En Pointe: Exploring Health Literacy in Dance Education

PhD student Andrea Kozai has completed a first-of-its kind review of dance curriculums at education schools across the world. The study shows areas of improvement that can help dancers lead healthier lives. 

April 01, 2021

Gregory Latshaw

Andrea Kozai headshotBefore enrolling in a PhD program, Andrea Kozai was a professional dancer for 14 years. She performed with elite ballet and modern dance companies in New York City and in Pittsburgh. Along the way, Kozai experienced her fair share of bumps and bruises, as well as some nagging injuries.

“The most common injuries in dancers are called overuse injuries,” says Kozai. “They are an imbalance between how much stress there is on the body and the amount of time needed for recovery.”

To prevent injury, many dance education programs in colleges and universities make functional anatomy part of their curriculum. But given the full range of unique health issues associated with dancers—including psychological health and nutritional concerns—are schools doing enough to develop the overall health literacy of their students? 

Kozai, a PhD student in exercise physiology at the University of Pittsburgh School of Education, conducted a novel study to answer this question. 

First, she sought to understand exactly what was being taught in university dance programs around the world. She and study co-author Jatin P. Ambegaonkar, a professor at George Mason University, performed one of the first efforts to quantify this information. 

They gathered information from 104 people (which included students, faculty, and administrators) from university dance programs across 11 countries and from 25 states in the United States. The universities were selected by referencing the Dance Magazine College Guide. 

Among the study respondents, 81% said health-related education was delivered at their institution. The most frequently offered topics were functional dance anatomy, recognizing dance injuries and illness, and strength and conditioning for dancers. The least commonly offered topics were basic first aid and injury management, environmental factors, and psychology of dance. 

“I was inspired to study this topic because we don’t have a good idea of whether dancers are getting the training they need to be able to advocate for themselves in a health environment, and we don’t have a good idea of how that fits into a dance curriculum,” says Kozai. 

A Disconnect in Curriculums

Andrea Kozai dancingThe study next reviewed perceptions. Were universities offering courses in the health-related subjects that students and faculty rated as the most important?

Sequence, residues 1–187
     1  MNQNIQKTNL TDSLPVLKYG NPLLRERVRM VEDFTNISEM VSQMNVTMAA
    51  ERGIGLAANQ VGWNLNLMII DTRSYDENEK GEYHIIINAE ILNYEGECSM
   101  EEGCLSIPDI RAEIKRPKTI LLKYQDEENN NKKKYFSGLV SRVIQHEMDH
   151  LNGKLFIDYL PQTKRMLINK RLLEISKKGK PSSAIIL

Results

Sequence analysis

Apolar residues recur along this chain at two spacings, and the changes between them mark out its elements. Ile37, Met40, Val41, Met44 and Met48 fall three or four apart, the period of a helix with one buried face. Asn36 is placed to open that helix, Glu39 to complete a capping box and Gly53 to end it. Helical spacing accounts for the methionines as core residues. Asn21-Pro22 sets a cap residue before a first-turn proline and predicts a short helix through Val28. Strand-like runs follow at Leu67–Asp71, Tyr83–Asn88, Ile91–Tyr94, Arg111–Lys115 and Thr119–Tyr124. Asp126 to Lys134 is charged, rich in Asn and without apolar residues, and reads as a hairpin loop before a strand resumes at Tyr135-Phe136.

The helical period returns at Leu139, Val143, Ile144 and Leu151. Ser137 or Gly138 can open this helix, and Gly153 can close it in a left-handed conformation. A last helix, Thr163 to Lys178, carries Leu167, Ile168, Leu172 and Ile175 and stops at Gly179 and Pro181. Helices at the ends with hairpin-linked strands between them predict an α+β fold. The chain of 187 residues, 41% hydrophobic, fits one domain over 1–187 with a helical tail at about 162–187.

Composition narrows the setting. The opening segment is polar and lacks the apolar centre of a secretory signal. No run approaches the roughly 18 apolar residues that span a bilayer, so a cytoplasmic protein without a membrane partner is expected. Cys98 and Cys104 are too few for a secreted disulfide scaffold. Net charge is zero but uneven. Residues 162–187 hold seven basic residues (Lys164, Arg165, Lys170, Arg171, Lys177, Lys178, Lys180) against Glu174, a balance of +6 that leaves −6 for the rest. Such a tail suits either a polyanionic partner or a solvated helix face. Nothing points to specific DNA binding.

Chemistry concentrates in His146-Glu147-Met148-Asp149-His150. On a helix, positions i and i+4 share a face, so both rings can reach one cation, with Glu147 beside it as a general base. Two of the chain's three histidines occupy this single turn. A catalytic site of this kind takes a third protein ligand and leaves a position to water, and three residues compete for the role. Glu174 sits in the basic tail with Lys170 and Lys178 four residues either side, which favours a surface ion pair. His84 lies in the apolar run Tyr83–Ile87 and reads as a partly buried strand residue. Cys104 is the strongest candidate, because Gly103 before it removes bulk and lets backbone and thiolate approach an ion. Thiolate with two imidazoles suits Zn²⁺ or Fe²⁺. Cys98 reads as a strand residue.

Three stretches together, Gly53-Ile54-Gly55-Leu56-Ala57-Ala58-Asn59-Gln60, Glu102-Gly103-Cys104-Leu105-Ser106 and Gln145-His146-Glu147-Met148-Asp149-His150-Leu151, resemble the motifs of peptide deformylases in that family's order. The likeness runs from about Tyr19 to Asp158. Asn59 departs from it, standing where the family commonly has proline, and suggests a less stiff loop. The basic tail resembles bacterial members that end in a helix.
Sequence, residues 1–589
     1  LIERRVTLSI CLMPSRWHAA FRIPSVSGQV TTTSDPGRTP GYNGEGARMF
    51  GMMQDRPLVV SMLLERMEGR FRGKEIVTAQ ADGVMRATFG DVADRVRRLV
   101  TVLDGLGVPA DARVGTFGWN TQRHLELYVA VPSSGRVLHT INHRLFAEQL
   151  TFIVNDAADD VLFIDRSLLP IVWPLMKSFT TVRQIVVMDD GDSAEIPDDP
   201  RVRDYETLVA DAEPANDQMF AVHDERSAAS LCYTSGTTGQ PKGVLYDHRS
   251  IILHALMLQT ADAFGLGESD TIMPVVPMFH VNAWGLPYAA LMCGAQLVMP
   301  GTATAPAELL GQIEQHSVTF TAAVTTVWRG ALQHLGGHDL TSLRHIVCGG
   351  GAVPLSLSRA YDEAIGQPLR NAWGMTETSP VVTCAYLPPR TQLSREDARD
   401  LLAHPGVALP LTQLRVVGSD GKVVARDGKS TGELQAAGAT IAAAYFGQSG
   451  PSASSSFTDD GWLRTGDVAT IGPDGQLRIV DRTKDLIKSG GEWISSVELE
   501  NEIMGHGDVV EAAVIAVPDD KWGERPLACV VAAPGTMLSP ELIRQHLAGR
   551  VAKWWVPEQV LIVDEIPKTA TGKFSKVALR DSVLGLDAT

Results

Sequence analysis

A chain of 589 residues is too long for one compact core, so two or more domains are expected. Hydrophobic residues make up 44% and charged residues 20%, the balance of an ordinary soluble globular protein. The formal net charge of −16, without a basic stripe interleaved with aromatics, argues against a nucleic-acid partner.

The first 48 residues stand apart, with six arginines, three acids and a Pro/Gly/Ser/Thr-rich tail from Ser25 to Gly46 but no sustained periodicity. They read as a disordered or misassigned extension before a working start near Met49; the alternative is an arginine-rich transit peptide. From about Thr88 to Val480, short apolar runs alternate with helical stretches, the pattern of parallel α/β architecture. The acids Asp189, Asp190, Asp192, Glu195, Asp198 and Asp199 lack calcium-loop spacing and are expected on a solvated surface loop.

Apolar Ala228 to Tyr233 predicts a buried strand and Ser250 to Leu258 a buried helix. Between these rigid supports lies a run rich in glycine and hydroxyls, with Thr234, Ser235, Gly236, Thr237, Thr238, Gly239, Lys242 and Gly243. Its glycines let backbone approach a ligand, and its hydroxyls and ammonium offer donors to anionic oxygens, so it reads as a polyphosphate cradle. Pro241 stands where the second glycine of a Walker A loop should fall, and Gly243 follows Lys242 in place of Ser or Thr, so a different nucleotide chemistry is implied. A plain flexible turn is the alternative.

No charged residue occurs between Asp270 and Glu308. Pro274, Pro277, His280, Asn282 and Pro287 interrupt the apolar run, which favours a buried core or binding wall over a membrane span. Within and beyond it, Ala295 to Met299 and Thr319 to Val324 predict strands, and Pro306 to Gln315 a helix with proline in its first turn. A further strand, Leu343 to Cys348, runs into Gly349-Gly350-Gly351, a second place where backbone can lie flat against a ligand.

This is where the disconnect came in. The subjects that respondents most commonly rated as “extremely important” were in recognizing dance injuries and illness, basic personal health, and nutrition for dancers. The topics they were least likely to rate as “extremely important” were environmental factors, Pilates, and yoga. 

“Interestingly enough, students, faculty, and administrators were on the same page with what is most important.  But there was a mismatch between what was being taught and what people thought was important to teach,” says Kozai. 

For example, while the subject of recognizing dance injuries and illness was both commonly offered and highly rated as important to teach, the subjects of basic personal health and nutrition for dancers were each highly rated but not commonly offered. Furthermore, some of the least highly rated topics, particularly Pilates and yoga, were offered at most institutions in the study. 

Moreover, the most commonly offered topic in universities, functional dance anatomy, did not appear in the top three subjects that were most commonly rated as “extremely important.”

“The findings give new perspectives for people who are planning curriculum,” says Kozai. “This is not to say, for example, that we should get rid of anatomy, but maybe it makes sense to not put as much emphasis on it and to start teaching more in nutrition instead. This is especially important these days because students are all over the Internet, and there are unbelievable amounts of misinformation about sports nutrition in particular.”

Lastly, another finding of the study was a concern over health-related education being taught by faculty without expertise in the subject matter. 

Improving Health Literacy in Dance Education

The study became the basis for the research paper “Health Literacy for Collegiate Dancers: Provision and Perceptions of Health-Related Education University Dance Program,” which was published in the Journal of Dance Medicine & Science in September 2020. 

The Pitt School of Education is among the universities that can apply the findings of the research study. 

The school offers a popular 18-credit dance education minor that draws students from all over the university. The curriculum has courses in dance technique (ballet, modern, and jazz), introduction to dance (history), dance production one and two (pre-and post-production), choreography, dance pedagogy, and two dance teaching experiences.

“I think I have the best and brightest students as dance minors,” says Susan Gillis Kruman, the clinical instructor who runs the dance program. “They have academic chops but also like the physical aspect of dance.”

For her part, Kozai is hopeful that the research study can help provide evidence for ways to further develop dance education curriculums that improve the health literacy of dancers.

As a former dancer, she knows there is a lot riding on it. Dance is a rewarding, if physically and mentally challenging, pursuit. 

“My goal is to help dancers have longer, less painful careers,” says Kozai. 

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